Mathews 2021 V3 Bow Specs
|V3 31 Specs||V3 27 Specs|
|Draw Weight||60, 65, 70, 75||60, 65, 70, 75|
|Draw Length||26" to 30.5"||25" to 29.5"|
|Let-Off||80 or 85%||80 or 85%|
|Physical Weight||4.50 lbs||4.29 lbs|
|IBO Rating||Up to 342 FPS||Up to 336 FPS|
Setting up and tuning the V3 was a pretty simple process. After setting the nocking point perfectly centered between the cams, I set the rest at 13/16” and an arrow at a 90 degree angle to the string. My first few arrows through paper yielded a slight left paper tear and, rather than moving my rest, which I liked at the 13/16” position and the vane clearance that offers me, I simply swapped out the top hats in the cams (one side to the other) to move both cams to the left and fired another arrow. I had a perfect right to left tear at that point, but a slight tail high tear. I checked the cam timing again and found I needed one half twist to the top cam cable. After doing so, I was able to get great paper tuning results at 6’, 9’ and 12’. I then did some bareshaft shooting at 20 and 30 yards and had great results. The tuning process was similar to many bows I’ve owned and, although it took a couple small tweaks to get it there, the thing I appreciate is that with Mathews V3 I have the tools I need to tune my bow. I love the ability they offer to use the top hat or cam timing or arrow rest adjustments to get the tune I am looking for.
I set my V3 up with a 15” Bee Stinger microhex stabilizer with 4 oz of weight and a Bee Stinger microhex 10” side bar with 10 oz of weight mounted on a Mathews Adjustable V-bar bracket. Once I set up and tuned the bow, it shot very well for me. I started with regular rounds at my local range, shooting field tips. The draw is smooth and consistent throughout. The drop into the backwall is subtle and the backwall is firm, but not hard. The V3 utilizes cable stops and not limb stops, which I prefer. At full draw the bow is easy to anchor — even at my 30” draw length. Because the riser is so long and the cams are large, the string angle is still good enough that it does not require any unnatural head movement to find a consistent anchor.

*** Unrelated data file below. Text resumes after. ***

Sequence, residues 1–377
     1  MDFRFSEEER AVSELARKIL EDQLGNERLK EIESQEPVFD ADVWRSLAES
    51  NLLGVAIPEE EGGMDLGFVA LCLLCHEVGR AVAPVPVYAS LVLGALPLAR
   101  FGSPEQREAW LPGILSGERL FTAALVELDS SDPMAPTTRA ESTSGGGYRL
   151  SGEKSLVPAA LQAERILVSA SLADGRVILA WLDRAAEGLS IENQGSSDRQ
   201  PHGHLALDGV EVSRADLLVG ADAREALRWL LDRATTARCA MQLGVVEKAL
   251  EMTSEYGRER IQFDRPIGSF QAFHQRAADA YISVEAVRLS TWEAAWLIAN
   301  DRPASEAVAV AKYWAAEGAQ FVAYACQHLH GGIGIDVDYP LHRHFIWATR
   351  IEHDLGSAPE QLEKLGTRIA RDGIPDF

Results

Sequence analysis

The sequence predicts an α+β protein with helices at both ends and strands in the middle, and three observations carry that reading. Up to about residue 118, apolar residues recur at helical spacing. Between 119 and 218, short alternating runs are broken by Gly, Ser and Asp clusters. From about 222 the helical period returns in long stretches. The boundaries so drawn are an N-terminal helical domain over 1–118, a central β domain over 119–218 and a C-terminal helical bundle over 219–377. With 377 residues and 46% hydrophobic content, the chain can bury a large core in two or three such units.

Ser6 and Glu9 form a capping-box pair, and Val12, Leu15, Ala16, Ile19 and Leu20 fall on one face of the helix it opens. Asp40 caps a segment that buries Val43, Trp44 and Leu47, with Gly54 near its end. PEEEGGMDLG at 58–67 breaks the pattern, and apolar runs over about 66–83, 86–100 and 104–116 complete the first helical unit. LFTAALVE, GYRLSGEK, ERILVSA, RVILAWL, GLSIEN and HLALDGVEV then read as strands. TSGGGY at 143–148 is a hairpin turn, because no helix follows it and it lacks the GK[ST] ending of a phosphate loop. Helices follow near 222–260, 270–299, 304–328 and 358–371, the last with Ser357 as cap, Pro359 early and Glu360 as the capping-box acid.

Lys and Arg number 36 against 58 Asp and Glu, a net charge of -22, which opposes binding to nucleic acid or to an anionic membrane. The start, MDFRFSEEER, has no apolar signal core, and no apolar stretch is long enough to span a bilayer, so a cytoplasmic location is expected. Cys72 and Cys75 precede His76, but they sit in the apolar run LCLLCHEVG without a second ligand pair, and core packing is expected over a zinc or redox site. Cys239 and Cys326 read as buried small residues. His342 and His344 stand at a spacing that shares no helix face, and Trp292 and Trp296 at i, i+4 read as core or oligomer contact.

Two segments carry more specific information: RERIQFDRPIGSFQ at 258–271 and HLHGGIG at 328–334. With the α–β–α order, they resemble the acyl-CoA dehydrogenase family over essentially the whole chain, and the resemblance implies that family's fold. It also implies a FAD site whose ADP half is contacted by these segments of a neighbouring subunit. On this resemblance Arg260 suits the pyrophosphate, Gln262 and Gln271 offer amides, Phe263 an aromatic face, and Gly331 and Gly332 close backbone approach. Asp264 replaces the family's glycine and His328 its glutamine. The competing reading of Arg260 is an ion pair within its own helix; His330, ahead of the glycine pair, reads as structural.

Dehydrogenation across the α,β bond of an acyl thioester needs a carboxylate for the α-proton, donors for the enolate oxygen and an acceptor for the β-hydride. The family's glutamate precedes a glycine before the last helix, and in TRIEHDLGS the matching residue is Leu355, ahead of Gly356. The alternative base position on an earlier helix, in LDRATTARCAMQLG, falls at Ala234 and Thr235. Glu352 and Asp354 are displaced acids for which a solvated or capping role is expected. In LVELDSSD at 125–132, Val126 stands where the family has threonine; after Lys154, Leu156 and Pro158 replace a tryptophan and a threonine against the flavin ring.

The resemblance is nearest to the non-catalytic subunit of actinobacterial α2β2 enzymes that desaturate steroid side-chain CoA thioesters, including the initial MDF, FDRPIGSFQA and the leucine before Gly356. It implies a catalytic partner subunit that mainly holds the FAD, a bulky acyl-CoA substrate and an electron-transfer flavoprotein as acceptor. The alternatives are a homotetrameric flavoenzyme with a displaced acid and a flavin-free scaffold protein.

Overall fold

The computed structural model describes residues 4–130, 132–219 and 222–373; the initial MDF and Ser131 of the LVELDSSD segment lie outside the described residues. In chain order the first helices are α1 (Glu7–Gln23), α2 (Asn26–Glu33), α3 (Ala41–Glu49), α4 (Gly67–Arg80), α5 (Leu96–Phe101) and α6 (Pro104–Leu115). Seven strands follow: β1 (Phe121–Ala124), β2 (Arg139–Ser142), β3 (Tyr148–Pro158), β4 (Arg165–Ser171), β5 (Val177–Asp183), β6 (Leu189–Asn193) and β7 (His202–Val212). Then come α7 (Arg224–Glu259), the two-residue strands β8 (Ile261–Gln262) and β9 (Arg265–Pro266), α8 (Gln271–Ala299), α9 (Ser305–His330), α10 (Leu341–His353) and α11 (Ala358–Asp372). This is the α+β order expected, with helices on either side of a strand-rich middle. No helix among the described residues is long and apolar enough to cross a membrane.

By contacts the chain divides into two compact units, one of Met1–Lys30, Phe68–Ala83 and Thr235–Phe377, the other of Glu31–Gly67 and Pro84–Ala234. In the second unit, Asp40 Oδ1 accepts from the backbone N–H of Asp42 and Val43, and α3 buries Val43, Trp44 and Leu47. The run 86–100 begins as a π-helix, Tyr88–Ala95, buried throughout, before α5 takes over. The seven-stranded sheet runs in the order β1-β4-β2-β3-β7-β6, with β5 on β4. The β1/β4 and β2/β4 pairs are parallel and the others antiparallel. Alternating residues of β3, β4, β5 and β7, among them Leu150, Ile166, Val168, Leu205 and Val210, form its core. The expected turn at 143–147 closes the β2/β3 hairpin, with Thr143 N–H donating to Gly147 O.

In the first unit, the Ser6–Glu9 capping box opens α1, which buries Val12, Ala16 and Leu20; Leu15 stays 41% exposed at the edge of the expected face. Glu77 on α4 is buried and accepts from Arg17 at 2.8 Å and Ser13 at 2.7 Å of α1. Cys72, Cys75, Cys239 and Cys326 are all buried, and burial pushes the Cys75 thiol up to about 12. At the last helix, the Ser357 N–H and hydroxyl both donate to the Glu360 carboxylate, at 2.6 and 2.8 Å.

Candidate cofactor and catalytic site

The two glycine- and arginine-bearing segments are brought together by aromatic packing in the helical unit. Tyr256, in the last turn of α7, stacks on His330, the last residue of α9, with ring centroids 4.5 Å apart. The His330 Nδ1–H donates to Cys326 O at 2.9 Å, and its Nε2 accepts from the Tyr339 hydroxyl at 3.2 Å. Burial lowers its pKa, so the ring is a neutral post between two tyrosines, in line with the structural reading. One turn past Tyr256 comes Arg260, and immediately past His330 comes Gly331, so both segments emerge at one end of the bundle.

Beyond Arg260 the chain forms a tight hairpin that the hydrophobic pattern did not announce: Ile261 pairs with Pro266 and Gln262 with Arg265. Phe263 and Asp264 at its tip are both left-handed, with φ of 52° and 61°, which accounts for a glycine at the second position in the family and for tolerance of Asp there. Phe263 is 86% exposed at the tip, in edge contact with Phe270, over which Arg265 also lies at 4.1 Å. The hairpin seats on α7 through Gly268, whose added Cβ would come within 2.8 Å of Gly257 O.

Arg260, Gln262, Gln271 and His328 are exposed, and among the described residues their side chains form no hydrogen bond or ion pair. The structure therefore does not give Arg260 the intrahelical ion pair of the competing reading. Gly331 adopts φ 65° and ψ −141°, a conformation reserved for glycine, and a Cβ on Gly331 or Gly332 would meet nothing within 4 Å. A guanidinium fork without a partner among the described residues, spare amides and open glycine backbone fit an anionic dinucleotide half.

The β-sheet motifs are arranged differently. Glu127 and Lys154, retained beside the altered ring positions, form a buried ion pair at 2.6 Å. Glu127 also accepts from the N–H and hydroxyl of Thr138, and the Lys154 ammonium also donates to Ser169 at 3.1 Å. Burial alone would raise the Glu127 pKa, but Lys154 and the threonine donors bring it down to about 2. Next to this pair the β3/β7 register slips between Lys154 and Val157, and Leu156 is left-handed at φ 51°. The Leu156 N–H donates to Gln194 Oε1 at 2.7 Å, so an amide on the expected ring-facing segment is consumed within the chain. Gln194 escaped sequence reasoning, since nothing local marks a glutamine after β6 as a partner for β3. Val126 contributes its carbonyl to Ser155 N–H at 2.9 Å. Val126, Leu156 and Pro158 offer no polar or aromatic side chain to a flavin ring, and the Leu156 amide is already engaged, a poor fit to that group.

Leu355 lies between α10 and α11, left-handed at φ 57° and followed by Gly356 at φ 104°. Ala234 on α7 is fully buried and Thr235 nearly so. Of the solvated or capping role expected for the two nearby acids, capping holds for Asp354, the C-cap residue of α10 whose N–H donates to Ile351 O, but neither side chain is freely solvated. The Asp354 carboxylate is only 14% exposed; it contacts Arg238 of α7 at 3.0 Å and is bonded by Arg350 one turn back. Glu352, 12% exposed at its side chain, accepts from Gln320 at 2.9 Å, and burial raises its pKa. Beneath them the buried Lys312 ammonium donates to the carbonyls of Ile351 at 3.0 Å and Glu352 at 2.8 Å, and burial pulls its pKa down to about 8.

The V3 holds really well at full draw and I found the V3 to be accurate and very easy to shoot. With some bows it feels like you have to work to shoot well. The V3 is not one of those. On shots where my focus or form was not quite where I wanted it to be, arrows still seemed to land close to the middle.
The V3 is quiet and shockfree. Over the years, I’ve shot animals out of ground blinds with other bows and one thing I always remember about those shots is the sound of the bow going off inside that small confined space; it’s surprisingly loud, but not with the V3. This bow is shockingly quiet.
I shot my second largest antelope buck out of a blind a few weeks after I got the V3 and I distinctly recall the sound or, rather, the lack of it. The buck I shot was a mere 25 yards, the bow drew smoothly and quietly even from a sitting position with a 70-pound draw weight and delivered a perfect arrow to my intended target. Overall, it was exactly the bow that I needed for that hunt.
Watch Trail go over his impressions of the bow below
Hunting bows are getting better and better every year and the V3 is proof of that. It’s compact for hunting situations, yet it holds more similarly to my target bow. The V3 is tuneable and, once set, has kept its tune. After many mornings at the range and days of crawling across the prairie and traipsing through the elk woods of Colorado, it still delivers fixed blade broadheads into the vitals out to 80+ yards. The V3 is quiet, smooth, easy to shoot and it looks cool. Whether you are a western big game hunter or a Midwest whitetail hunter or, even, someone doing both...the V3 is a fantastic hunting bow that will meet your needs. Hopefully, as you're reading this on November 17, my V3 will be in the process of helping me take another great late season Arizona bull! Contact your local Mathews pro-shop and shoot one now!
Stay tuned later this week for Brady Miller's thoughts on the longer axle-to-axle 2021 Mathews ATLAS he has been shooting this fall.